Life is full of disappointments and the failure of the world to end today is just another one to add to the list. It does, of course, mean that we are all going to have to get through the whole damn Christmas thing now. I'm annoyed at this but I expect there are literally billions of women throughout the world who are really pissed that they are not going to be rescued from a week of cooking and washing up by a fortuitous Armageddon incident. But the shop owners should be pleased. Everyone who had sensibly put off the buying of presents this year as they didn't want to waste their money will be rushing to the malls in the next three days in a mad bid to buy the Christmas they were hoping wasn't going to happen this year.
A lot of people are saying that the Mayans got it wrong. But I've been doing some research on this and I have discovered that nothing could be further from the truth. The Mayans were spot on and the world is going to end on the 21st. December 2012. The thing is it will not be the 21st. December 2012 for another 300 odd years.
The Phantom Time Hypothesis is a conspiracy theory developed by Heribert Illig (born 1947 in Vohenstrauß, Germany) in 1991. It proposes that periods of history, specifically that of Europe during the Early Middle Ages (AD 614–911), did not exist, and that there has been a systematic effort to cover up that fact. Illig believed that this was achieved through the alteration, misrepresentation and forgery of documentary and physical evidence.
The bases of Illig's hypothesis include:
1) The scarcity of archaeological evidence that can be reliably dated to the period AD 614–911, on perceived inadequacies of radiometric and dendrochronological methods of dating this period, and on the over-reliance of medieval historians on written sources.
2) The presence of Romanesque architecture in tenth-century Western Europe. This is taken as evidence that less than half a millennium could have passed since the fall of the Roman Empire, and concludes that the entire Carolingian period, including the person of Charlemagne, is a forgery by medieval chroniclers, more precisely a conspiracy instigated by Otto III and Gerbert d'Aurillac.
3) The relation between the Julian calendar, Gregorian calendar and the underlying astronomical solar or tropical year. The Julian calendar, introduced by Julius Caesar, was long known to introduce a discrepancy from the tropical year of around one day, for each century that the calendar was in use. By the time the Gregorian calendar was introduced in AD 1582, Illig alleges that the old Julian calendar "should" have produced a discrepancy of thirteen days between it and the real (or tropical) calendar. Instead, the astronomers and mathematicians working for Pope Gregory had found that the civil calendar needed to be adjusted by only ten days. From this, Illig concludes that the AD era had counted roughly three centuries which never existed.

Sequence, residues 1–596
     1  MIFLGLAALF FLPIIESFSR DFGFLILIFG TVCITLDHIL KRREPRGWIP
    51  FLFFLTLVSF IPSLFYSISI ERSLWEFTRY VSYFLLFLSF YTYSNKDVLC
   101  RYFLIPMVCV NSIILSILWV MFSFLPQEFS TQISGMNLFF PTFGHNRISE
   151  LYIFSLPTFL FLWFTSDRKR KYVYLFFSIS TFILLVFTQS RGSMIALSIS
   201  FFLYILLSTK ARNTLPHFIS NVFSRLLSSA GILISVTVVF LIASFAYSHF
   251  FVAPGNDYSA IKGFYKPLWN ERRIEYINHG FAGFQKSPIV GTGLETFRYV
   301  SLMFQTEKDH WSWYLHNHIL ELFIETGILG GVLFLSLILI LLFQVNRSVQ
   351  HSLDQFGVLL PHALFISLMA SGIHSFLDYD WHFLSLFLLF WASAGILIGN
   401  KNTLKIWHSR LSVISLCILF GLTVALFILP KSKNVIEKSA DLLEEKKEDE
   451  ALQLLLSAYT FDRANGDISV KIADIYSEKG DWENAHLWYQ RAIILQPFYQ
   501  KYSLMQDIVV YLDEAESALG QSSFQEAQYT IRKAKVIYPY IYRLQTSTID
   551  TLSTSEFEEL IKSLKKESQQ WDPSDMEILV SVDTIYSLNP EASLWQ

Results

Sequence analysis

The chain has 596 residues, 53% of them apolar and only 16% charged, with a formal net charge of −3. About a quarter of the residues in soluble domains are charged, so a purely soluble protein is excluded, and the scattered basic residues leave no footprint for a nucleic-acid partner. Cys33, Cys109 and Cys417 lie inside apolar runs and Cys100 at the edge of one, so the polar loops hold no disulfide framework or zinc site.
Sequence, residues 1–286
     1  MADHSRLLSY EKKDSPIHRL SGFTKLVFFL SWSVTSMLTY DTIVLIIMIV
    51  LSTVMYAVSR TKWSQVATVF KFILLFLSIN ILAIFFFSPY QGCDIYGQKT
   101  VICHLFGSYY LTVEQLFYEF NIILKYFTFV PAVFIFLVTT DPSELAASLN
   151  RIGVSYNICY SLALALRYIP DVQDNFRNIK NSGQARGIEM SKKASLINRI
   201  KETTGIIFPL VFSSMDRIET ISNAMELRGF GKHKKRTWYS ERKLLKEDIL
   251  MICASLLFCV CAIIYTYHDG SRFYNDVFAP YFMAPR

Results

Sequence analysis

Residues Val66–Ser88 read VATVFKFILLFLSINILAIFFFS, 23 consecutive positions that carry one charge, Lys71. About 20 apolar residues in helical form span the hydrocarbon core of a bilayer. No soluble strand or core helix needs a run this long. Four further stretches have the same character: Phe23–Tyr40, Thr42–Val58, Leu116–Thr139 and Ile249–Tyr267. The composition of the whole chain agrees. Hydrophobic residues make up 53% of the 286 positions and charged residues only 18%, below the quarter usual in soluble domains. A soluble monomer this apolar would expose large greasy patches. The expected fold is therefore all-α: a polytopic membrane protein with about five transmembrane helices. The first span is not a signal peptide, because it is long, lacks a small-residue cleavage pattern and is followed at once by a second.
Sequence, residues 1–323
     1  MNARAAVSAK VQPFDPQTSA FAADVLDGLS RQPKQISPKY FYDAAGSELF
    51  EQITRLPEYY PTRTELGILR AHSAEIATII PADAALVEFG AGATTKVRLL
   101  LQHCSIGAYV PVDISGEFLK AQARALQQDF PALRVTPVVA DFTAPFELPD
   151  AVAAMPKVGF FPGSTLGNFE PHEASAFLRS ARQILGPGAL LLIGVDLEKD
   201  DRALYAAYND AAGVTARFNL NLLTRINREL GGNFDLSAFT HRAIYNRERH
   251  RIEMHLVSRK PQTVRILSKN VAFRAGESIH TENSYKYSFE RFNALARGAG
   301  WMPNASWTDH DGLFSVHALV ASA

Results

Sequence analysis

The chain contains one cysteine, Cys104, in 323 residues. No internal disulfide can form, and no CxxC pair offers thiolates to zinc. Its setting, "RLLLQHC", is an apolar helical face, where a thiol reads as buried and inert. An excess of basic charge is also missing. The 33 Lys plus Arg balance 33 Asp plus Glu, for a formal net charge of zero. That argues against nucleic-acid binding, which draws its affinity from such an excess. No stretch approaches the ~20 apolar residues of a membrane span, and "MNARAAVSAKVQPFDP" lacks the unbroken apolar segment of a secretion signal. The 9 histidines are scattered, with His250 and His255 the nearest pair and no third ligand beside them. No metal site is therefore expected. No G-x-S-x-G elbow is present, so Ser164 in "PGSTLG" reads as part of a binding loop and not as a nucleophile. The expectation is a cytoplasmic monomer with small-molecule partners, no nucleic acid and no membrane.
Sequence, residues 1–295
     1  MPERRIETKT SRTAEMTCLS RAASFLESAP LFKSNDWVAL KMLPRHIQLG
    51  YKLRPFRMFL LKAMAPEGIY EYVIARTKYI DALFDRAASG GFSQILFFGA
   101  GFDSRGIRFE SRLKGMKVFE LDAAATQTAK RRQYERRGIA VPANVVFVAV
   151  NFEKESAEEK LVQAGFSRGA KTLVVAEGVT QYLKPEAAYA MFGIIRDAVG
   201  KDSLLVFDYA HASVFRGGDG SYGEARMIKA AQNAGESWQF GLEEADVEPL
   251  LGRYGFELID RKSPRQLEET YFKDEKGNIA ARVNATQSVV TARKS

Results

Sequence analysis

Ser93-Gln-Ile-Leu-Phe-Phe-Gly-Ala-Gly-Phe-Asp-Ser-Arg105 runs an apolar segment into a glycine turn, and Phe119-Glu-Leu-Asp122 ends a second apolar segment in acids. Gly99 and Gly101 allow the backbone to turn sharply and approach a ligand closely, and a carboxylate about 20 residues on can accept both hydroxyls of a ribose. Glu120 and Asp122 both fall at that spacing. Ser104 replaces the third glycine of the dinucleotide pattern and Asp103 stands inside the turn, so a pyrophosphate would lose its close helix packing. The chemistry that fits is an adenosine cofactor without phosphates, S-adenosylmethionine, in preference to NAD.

Of course, this also explains why Harold Camping ended up with egg on his face. He wasn't wrong, after all. He was just a little bit early in his prediction of doom for no fault of his own.
Unfortunately most people are not as sensible as me and did not bother to check all the conspiracy theories out there before getting all worked up about the dolphins thanking us for all the fish and leaving for outer space today. Typical of such easily panicked individuals is Dutch, fundamentalist Christian, Pieter Frank van der Meer.
A Dutch Christian has painstakingly prepared a lifeboat in his garden capable of saving 50 people ahead of biblical floods he expects to accompany Friday's Mayan-foretold 'doomsday.' A fervent Christian, Van der Meer bought the orange totally enclosed lifeboat for 13,000 euros (around 17,000 dollars) and has installed a toilet, a sink, a child's car seat and food supplies.
"The Mayans weren't crazy, and if you also look at biblical prophecies, the mountains will melt like wax," Pieter Frank van der Meer told the left-wing Volkskrant daily on Thursday.
He said that the alignment of the Solar System's planets on December 21 will generate and release huge amounts of cosmic energy.
"This will activate the sun," he said. "It's difficult to say what exactly will happen with the sun, but you can expect an enormous solar flare," which could cause a tsunami or a second Flood. Alternatively, there may be a huge earthquake.
"The end of the world is serious," Van der Meer's wife told the Algemeen Dagblad newspaper.
"But what comes afterwards is magnificent."
That would be Saturday then.